Rick Santorum appears on Piers Morgan Tonight

But has he done himself any favours?

In anticipation of last night's South Carolina primary, Republican presidential hopeful Rick Santorum appeared on Piers Morgan Tonight to talk policy, principles and family.

Santorum rightly predicted that he wouldn't win South Carolina - he finished third behind Newt Gingrich and Mitt Romney. However, he said he still hopes for a one on one with Mitt Romney and despite Romney and Gingrich's bigger budgets confidently stated that it's "game on" in Florida.

In terms of tactics Santorum said: "I'm a slow and steady kind of guy" and underlined the contrasts between himself and fellow conservative Newt Gingrich. When Morgan asked him "who would you rather be up against, the nice Newt Gingrich or the new nasty Newt?" a fired up Santorum told him: "That's the issue - you don't know what you're going to get with Newt." He admitted: "I'm not the guy you're going to be wowed with, but I'm steady and I'll fight for my convictions." "Steady Eddie" Santorum set himself apart from his fellow Republicans; branding himself as the antithesis to temperamental Newt, flip flopper Mitt Romney and "barking" (Morgan's word) Ron Paul.

He is also in stark contrast to former Republican hopefuls Herman Cain and Rick Perry who were famous for their embarrassing gaffes. Who can forget Cain's confusion over Libya and Perry forgetting which agencies he'd eliminate if he were president? Unquestionably Santorum is a smart man, not hiding behind a Reagan-esque grin or using southern charm to mask the fact that he's not in the know about all the issues - he's a man who knows his stuff.

But the real fight, Santorum stressed, is against Barack Obama - a man with whom Santorum was less than impressed when he worked with him in the Senate. "I didn't like the way he conducted himself," Santorum said. Unsurprisingly, then, Santorum's attitude and approach is at odds with the current president. While he may not ooze charisma and charm, the American people may welcome this and see him as the antidote to Obama's all style no substance leadership for which he has been criticised.

Santorum shone when he spoke about foreign policy, an area where fellow wannabe nominee Ron Paul drastically falls short. Morgan pushed him on Iraq asking him whether he, too, would have invaded and after a few attempts at evading the question Santorum admitted that he would have made the same decision. After 9/11 Santorum said his biggest concern was Iran, not Iraq - and it still is. "I would bomb Iran if I had to - no question," he said.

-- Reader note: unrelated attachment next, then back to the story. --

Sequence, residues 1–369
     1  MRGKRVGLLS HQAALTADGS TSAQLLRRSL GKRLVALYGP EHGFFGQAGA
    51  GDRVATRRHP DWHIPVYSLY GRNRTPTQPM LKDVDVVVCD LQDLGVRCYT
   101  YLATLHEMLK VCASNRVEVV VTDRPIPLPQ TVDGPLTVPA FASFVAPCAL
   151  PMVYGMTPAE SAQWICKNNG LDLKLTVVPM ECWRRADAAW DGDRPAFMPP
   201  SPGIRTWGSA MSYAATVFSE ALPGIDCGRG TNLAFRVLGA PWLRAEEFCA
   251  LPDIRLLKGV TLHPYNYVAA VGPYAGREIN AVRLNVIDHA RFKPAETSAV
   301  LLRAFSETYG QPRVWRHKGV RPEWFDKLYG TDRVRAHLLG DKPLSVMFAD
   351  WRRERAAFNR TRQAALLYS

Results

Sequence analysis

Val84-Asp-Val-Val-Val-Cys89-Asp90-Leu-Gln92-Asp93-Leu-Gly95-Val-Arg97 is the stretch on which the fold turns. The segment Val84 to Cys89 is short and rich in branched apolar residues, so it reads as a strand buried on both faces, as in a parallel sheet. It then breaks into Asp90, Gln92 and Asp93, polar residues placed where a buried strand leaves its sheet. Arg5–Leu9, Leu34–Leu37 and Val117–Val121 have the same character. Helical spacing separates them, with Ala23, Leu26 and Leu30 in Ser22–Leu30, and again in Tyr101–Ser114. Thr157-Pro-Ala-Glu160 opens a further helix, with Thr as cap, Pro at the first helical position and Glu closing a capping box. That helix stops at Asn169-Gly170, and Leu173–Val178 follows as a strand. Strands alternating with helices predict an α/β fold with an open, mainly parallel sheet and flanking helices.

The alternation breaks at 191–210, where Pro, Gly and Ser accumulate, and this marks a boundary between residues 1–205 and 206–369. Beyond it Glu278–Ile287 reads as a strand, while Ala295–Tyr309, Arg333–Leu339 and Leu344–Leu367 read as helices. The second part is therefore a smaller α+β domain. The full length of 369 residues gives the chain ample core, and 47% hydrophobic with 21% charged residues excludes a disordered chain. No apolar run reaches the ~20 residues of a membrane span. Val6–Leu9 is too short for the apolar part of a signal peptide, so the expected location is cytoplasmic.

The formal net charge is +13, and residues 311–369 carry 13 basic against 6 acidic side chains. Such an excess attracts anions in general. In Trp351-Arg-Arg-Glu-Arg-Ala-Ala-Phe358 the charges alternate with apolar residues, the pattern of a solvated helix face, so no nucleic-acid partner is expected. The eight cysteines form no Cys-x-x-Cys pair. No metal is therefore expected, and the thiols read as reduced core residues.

On Libya, Santorum said: "I wouldn't have gone into Libya - I would never put U.S. troops on the ground unless our national security was threatened." He criticised Obama's "indecisiveness," despite Morgan's observation that no US lives were lost and Gaddafi was successfully killed.

Less than inspiring, however, were Santorum's views on issues such as abortion and gay marriage due to his inability to separate his religion from his policies. "Life begins at conception" and abortion should be banned in every case - even rape and incest, Santorum stressed unequivocally. Morgan, who is famous for asking the tough questions, asked him how he would feel if his daughter was raped and "begged to have an abortion", to which Santorum replied: "I would council her to do the right thing" because "life is gift, no matter how horribly it is created." It's clear that for Santorum, his political principles win every time.

Santorum's wife, Karen, also joined the interview, saying that the biggest misconception about her husband is that "he's not nice." Santorum has certainly disproved that misconception during the interview, coming across as a likeable guy with none of the self-aggrandizing attitude of Mitt Romney or the volatility of Newt Gingrich. Santorum is a man of his convictions, although his consuming religious beliefs may alienate many moderates. Morgan even described Karen Santorum as her husband's "secret weapon" - a striking comparison to Michelle Obama in 2007.

Ultimately, it's unlikely that Santorum will win the Republican nomination, let alone the presidential election. He is restricted by his strict, misogynistic religious social agenda but while many may not agree with his policies, he remains a dark horse in the Republican race.

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Q&A: Would Brexit really move “the Jungle” to Dover?

The 2003 Le Touquet treaty was negotiated outside the EU.

What is David Cameron’s most recent claim about Britain leaving the EU?